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Stabilisation of BGK modes by relativistic effects

By Nathan John Sircombe, M. E. Dieckmann, P. K. Shukla and T. D. Arber


Context. We examine plasma thermalisation processes in the foreshock region of astrophysical shocks within a fully kinetic and self-consistent treatment. We concentrate on proton beam driven electrostatic processes, which are thought to play a key role in the beam relaxation and the particle acceleration. Our results have implications for the effectiveness of electron surfing acceleration and\ud the creation of the required energetic seed population for first order Fermi acceleration at the shock front.\ud Aims. We investigate the acceleration of electrons via their interaction with electrostatic waves, driven by the relativistic Buneman instability, in a system dominated by counter-propagating proton beams.\ud Methods. We adopt a kinetic Vlasov-Poisson description of the plasma on a fixed Eulerian grid and observe the growth and saturation of electrostatic waves for a range of proton beam velocities, from 0.15c to 0.9c.\ud Results. We can report a reduced stability of the electrostatic wave (ESW) with increasing non-relativistic beam velocities and an improved wave stability for increasing relativistic beam velocities, both in accordance with previous findings. At the highest beam speeds, we find the system to be stable again for a period of ≈160 plasma periods. Furthermore, the high phase space resolution\ud of the Eulerian Vlasov approach reveals processes that could not be seen previously with PIC simulations. We observe a, to our knowledge, previously unreported secondary electron acceleration mechanism at low beam speeds. We believe that it is the result of parametric couplings to produce high phase velocity ESW’s which then trap electrons, accelerating them to higher energies. This\ud allows electrons in our simulation study to achieve the injection energy required for Fermi acceleration, for beam speeds as low as 0.15c in unmagnetised plasma.\u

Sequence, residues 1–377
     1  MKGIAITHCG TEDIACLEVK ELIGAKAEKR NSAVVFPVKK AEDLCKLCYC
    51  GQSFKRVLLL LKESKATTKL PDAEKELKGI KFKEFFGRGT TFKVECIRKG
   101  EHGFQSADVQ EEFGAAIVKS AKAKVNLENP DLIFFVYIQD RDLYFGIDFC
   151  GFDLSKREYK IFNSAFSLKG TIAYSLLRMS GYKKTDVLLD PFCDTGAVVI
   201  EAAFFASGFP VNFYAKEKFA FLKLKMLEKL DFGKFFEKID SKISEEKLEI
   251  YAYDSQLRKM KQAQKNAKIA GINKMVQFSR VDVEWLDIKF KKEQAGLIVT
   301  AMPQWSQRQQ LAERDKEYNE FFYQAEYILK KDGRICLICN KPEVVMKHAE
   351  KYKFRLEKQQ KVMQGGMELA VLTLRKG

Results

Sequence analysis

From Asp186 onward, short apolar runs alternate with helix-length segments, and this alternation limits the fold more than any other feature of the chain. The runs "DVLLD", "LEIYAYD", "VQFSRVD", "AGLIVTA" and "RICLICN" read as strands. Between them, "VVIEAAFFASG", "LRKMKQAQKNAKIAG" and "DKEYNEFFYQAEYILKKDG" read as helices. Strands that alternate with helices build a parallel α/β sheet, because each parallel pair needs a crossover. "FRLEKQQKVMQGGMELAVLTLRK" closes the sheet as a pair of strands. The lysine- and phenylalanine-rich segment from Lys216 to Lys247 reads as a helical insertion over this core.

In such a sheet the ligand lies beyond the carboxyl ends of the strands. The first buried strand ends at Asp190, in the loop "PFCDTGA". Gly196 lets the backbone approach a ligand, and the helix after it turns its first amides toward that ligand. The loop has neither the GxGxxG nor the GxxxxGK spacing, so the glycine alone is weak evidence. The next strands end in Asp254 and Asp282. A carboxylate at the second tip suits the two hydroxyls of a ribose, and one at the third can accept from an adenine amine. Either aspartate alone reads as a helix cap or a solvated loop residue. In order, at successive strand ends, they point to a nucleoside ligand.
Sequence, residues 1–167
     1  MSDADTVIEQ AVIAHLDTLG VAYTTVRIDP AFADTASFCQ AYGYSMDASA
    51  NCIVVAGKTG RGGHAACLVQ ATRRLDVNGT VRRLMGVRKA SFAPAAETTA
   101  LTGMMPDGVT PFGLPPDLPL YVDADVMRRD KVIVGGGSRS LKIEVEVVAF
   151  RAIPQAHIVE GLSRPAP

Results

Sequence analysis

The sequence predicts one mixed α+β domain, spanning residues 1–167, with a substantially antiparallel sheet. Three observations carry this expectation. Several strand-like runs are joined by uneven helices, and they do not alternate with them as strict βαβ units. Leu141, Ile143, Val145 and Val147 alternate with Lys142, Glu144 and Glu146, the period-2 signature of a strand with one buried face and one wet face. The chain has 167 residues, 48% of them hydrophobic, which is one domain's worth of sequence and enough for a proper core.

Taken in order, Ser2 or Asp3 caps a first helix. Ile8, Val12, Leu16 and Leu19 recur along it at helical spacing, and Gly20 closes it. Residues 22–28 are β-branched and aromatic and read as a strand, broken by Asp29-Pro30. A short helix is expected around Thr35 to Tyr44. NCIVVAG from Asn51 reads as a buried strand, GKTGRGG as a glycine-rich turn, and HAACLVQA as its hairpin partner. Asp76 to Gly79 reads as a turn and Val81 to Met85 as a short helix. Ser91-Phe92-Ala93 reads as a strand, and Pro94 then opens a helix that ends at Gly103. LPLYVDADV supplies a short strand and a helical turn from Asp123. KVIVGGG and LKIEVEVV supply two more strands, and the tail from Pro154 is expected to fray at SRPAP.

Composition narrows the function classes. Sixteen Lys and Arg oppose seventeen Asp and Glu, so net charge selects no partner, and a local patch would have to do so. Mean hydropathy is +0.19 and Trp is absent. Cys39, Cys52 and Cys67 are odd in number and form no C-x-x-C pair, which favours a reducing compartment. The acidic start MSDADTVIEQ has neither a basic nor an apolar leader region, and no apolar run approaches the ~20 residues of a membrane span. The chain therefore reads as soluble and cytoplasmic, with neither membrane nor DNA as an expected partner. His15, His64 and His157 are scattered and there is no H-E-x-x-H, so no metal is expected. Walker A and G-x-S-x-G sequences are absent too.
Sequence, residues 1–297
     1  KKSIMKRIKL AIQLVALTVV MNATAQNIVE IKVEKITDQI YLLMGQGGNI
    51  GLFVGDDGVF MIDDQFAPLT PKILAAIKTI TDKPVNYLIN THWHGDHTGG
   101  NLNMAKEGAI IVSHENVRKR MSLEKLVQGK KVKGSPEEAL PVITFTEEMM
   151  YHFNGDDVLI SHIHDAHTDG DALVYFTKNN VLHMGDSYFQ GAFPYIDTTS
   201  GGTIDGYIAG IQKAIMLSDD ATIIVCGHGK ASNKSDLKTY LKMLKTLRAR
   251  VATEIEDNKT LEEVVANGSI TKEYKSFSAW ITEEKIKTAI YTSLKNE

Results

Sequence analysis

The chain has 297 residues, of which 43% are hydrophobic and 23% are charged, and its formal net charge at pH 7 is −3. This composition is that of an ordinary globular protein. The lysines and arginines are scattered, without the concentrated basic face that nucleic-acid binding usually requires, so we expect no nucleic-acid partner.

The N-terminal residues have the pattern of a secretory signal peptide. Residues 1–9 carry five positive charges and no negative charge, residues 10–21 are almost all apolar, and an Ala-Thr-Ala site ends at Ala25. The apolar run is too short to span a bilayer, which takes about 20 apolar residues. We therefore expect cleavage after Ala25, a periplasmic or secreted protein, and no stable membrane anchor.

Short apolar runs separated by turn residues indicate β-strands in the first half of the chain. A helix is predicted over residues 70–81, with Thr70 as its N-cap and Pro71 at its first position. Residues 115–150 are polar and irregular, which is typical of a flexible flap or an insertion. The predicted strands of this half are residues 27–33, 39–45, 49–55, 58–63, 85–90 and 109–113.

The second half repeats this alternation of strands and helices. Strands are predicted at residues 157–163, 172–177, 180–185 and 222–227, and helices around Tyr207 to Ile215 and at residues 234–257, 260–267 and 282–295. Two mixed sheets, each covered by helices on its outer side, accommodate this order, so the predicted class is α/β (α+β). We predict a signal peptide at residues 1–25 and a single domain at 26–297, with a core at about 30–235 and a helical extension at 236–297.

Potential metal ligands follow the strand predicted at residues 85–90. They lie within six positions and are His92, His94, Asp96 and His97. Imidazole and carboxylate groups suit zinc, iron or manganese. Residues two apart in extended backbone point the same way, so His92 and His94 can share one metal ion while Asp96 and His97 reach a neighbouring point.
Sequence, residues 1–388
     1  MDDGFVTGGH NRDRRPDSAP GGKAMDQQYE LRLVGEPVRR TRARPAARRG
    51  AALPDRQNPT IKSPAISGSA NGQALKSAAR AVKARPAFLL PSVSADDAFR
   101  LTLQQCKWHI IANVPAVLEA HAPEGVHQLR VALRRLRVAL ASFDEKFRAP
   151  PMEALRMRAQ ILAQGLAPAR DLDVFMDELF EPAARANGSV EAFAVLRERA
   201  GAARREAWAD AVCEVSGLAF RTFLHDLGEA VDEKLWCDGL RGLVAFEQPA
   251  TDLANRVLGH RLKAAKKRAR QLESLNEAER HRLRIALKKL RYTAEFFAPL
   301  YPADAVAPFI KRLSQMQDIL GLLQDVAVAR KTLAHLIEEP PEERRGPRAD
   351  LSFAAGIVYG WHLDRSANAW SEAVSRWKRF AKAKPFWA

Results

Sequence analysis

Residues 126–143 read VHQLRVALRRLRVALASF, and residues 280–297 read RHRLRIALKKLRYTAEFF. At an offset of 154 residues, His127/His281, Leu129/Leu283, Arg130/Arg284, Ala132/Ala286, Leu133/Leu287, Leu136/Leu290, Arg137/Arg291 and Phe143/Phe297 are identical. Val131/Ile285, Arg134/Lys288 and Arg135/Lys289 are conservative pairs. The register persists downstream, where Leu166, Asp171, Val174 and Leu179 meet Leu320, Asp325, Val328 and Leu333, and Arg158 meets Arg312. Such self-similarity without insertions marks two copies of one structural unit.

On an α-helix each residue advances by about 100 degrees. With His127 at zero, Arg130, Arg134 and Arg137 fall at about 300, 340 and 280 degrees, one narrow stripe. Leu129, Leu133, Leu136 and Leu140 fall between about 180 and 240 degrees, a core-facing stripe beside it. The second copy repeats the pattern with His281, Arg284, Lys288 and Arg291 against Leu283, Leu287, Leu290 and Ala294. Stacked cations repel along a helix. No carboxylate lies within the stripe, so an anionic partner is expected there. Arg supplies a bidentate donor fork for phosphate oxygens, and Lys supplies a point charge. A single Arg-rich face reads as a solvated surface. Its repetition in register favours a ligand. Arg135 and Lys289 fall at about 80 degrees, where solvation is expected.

Topics: QB
Publisher: EDP Sciences
Year: 2006
OAI identifier: oai:wrap.warwick.ac.uk:3543

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